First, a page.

Over recent weeks we have probably had much more time to appreciate the natural world around us. You might have seen wild orchids on road verges, heard curlew and lapwings in the fields and on the moors and looked under stones for various beetles and bugs. This can lead to a better understanding the diversity of wildlife around our homes.
To put this to good use, during lockdown, might you consider recording what you see and where you see it? If so, please take a look at Biological Recording (www.fscbiodiversity.uk/blog/what-biological-record) where you can record:
- what you saw
- where you saw it
- when you saw it
- who saw it
This process creates detailed records on a national scale, which enables effective nature conservation. When you are in your garden or on a permitted walk, take photos of wildlife, then when you get home identify them if necessary, and submit these records. If you are new to biological recording, the easiest way to start is uploading records to iRecord (www.brc.ac.uk/irecord, also available as an App). Uploading photos with your records will help the expert who will check your records. iNaturalist (www.inaturalist.org ) is an alternative for uploading pictures of species you have not identified, which other users of the site then identify for you.
There are a number of really great local and regional Naturalist Groups, websites and sources of information, that will cover the species you are perhaps most likely to encounter in your gardens and on a daily walk. These include:
For wildlife in general check out the Ryedale Natural History Society, Whitby Naturalists, Scarborough Field Naturalists, and Cleveland Naturalists Field Club for links and information. You could also follow the Whitby Naturalists and Scarborough Field Naturalists on Facebook. Also have a look at the Yorkshire Naturalists Union, who as an organisation study and record Yorkshires Flora and Fauna – check out their latest news, wildlife sightings, twitter, Flickr and list of Yorkshire groups and societies.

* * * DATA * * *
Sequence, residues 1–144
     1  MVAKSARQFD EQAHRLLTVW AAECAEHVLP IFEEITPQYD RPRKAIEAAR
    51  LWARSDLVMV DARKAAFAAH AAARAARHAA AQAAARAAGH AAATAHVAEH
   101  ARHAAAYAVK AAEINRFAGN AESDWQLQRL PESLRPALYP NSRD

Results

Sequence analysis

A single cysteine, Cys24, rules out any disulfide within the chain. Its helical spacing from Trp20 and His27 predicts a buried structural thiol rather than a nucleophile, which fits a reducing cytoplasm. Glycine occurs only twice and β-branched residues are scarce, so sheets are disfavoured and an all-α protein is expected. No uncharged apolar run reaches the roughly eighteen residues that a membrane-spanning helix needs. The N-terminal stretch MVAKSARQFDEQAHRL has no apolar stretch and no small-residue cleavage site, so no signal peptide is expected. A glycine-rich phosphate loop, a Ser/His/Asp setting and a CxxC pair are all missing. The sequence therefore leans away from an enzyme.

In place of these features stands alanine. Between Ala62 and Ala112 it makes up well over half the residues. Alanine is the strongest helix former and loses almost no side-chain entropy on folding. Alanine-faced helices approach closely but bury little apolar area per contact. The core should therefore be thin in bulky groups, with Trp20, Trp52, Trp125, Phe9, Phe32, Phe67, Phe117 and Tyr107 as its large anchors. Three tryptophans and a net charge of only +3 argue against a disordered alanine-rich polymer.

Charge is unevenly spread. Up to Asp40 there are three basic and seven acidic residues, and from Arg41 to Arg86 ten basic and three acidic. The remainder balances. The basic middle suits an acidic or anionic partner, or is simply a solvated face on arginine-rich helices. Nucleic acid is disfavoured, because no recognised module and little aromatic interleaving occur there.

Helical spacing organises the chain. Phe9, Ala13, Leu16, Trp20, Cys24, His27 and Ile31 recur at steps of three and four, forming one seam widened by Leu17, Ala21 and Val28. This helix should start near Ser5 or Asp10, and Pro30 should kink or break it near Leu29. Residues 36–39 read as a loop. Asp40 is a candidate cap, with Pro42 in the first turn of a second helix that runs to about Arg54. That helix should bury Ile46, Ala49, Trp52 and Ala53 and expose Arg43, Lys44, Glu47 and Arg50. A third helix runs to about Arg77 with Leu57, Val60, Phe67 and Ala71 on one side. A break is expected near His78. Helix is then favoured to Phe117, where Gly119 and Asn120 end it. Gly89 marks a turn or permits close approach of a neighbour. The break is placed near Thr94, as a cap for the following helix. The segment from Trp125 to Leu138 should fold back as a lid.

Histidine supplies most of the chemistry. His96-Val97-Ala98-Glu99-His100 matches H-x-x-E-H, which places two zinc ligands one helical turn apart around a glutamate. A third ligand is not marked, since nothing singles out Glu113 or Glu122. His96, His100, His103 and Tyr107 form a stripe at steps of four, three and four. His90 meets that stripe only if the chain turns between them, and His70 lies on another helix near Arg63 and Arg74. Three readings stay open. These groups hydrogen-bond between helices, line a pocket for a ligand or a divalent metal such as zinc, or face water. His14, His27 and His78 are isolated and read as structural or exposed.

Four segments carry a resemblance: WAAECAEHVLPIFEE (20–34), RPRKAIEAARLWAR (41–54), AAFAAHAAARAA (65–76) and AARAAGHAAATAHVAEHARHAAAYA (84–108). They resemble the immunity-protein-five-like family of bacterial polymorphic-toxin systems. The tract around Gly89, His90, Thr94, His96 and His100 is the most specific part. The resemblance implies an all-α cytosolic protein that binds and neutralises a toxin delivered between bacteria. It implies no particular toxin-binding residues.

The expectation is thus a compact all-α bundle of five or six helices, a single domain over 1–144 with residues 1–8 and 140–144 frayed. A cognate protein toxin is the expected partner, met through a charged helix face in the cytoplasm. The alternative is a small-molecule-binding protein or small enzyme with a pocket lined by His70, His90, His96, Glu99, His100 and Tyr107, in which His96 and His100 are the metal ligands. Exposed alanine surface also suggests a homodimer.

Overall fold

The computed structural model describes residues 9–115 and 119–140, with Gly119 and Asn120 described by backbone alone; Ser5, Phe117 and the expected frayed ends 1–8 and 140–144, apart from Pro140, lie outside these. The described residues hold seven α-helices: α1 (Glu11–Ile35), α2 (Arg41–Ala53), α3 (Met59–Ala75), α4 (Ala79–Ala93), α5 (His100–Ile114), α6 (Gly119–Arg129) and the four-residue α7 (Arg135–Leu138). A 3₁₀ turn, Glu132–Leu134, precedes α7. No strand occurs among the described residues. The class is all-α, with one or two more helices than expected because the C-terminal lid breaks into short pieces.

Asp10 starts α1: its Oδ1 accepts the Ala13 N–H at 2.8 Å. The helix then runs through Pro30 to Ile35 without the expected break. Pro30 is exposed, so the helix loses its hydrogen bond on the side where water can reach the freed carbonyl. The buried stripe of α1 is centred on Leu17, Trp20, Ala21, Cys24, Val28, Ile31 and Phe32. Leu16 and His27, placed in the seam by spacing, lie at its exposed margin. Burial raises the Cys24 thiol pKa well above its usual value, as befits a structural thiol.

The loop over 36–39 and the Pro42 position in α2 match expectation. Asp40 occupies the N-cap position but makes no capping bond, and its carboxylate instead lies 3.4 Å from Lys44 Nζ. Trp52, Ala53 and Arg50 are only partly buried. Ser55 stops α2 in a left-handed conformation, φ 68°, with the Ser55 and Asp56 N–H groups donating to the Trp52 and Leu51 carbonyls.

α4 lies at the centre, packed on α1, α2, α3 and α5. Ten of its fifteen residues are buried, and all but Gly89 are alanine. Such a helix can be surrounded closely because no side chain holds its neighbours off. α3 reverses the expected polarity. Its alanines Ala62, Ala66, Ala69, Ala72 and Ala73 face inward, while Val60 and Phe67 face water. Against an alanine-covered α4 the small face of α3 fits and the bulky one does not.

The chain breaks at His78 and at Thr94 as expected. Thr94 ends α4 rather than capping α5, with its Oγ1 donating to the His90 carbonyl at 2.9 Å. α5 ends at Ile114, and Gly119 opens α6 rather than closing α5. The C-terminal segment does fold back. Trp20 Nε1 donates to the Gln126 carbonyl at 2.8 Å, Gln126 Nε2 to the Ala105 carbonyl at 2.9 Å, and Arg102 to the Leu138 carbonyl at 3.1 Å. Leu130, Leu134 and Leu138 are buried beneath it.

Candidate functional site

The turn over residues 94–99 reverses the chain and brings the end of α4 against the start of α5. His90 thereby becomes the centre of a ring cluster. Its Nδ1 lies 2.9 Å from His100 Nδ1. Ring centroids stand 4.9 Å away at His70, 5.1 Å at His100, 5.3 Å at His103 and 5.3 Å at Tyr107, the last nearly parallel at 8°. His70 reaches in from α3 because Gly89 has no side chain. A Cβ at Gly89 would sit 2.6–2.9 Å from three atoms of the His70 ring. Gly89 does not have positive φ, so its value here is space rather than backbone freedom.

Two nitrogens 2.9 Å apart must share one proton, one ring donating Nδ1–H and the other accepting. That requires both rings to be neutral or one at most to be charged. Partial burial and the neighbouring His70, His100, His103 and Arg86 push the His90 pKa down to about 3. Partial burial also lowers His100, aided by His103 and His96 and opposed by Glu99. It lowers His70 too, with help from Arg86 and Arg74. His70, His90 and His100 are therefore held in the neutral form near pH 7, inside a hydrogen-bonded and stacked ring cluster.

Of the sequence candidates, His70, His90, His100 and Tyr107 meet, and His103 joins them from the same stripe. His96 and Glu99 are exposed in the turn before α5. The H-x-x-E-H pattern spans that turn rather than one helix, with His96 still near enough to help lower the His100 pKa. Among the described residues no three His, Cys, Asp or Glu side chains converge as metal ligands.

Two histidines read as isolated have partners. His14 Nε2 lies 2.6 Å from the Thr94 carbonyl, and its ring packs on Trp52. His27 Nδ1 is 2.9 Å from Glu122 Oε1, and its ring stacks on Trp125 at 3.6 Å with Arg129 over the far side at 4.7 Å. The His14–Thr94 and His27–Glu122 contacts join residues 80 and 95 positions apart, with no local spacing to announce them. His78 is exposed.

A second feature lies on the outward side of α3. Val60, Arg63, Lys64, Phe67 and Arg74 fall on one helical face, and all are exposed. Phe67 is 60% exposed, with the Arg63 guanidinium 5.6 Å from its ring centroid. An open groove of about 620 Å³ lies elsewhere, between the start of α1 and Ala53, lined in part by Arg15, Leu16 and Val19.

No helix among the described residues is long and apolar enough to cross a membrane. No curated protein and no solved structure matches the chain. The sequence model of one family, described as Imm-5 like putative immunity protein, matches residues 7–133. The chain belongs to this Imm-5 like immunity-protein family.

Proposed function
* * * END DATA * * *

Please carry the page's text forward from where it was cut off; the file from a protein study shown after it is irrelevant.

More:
For plants in general, and to develop your local botany skills, track down a copy of one of Nan Sykes books, such as A Picture Guide to the Wild Flowers of North East Yorkshire (now sadly out of print – but worth looking around) and Wild Flowers on the Edge: The Story of North Yorkshire’s Road Verges. Also consider joining North East Yorkshire Botany on Facebook.
For butterflies and moths check out Butterfly Conservation Yorkshire, and their publication The Butterflies of Yorkshire, which brings together a huge amount of identification and ecological detail. Also consider joining Butterflies and Moths, North and East Yorkshire Facebook page, and perhaps think about starting moth trapping, to see which of the 2,500 British species are in your area. Either use a purpose made moth trap, or check out this Spring Watch Blog on moth trapping for beginners.
For dragonflies check out the species information and other resources on the Yorkshire Dragonfly Group website, and maybe join Yorkshire Dragonfly Group on Facebook.
There are a multitude of other websites and groups to follow, such as Scarborough Birders, the North East Fungi Study Group, North Yorkshire Bat Group, the Yorkshire Mammal Group – to name just a few! There is also the North York Moors Volunteers Facebook – where there is good mix of expertise to help identify species from photos.
To keep up with local biodiversity and nature news, follow Tim Burkinshaw’s Connecting For Nature Blog, have a look at Yorkshire Coast Nature’s Blogs and News, and if you don’t already, follow The official blog for the North York Moors National Park.
Information taken from blog by Sam Newton, Natural Heritage Officer: https://northyorkmoorsnationalpark.wordpress.com/2020/06/08/biological-recording-for-the-soul-recording-nature-part-two/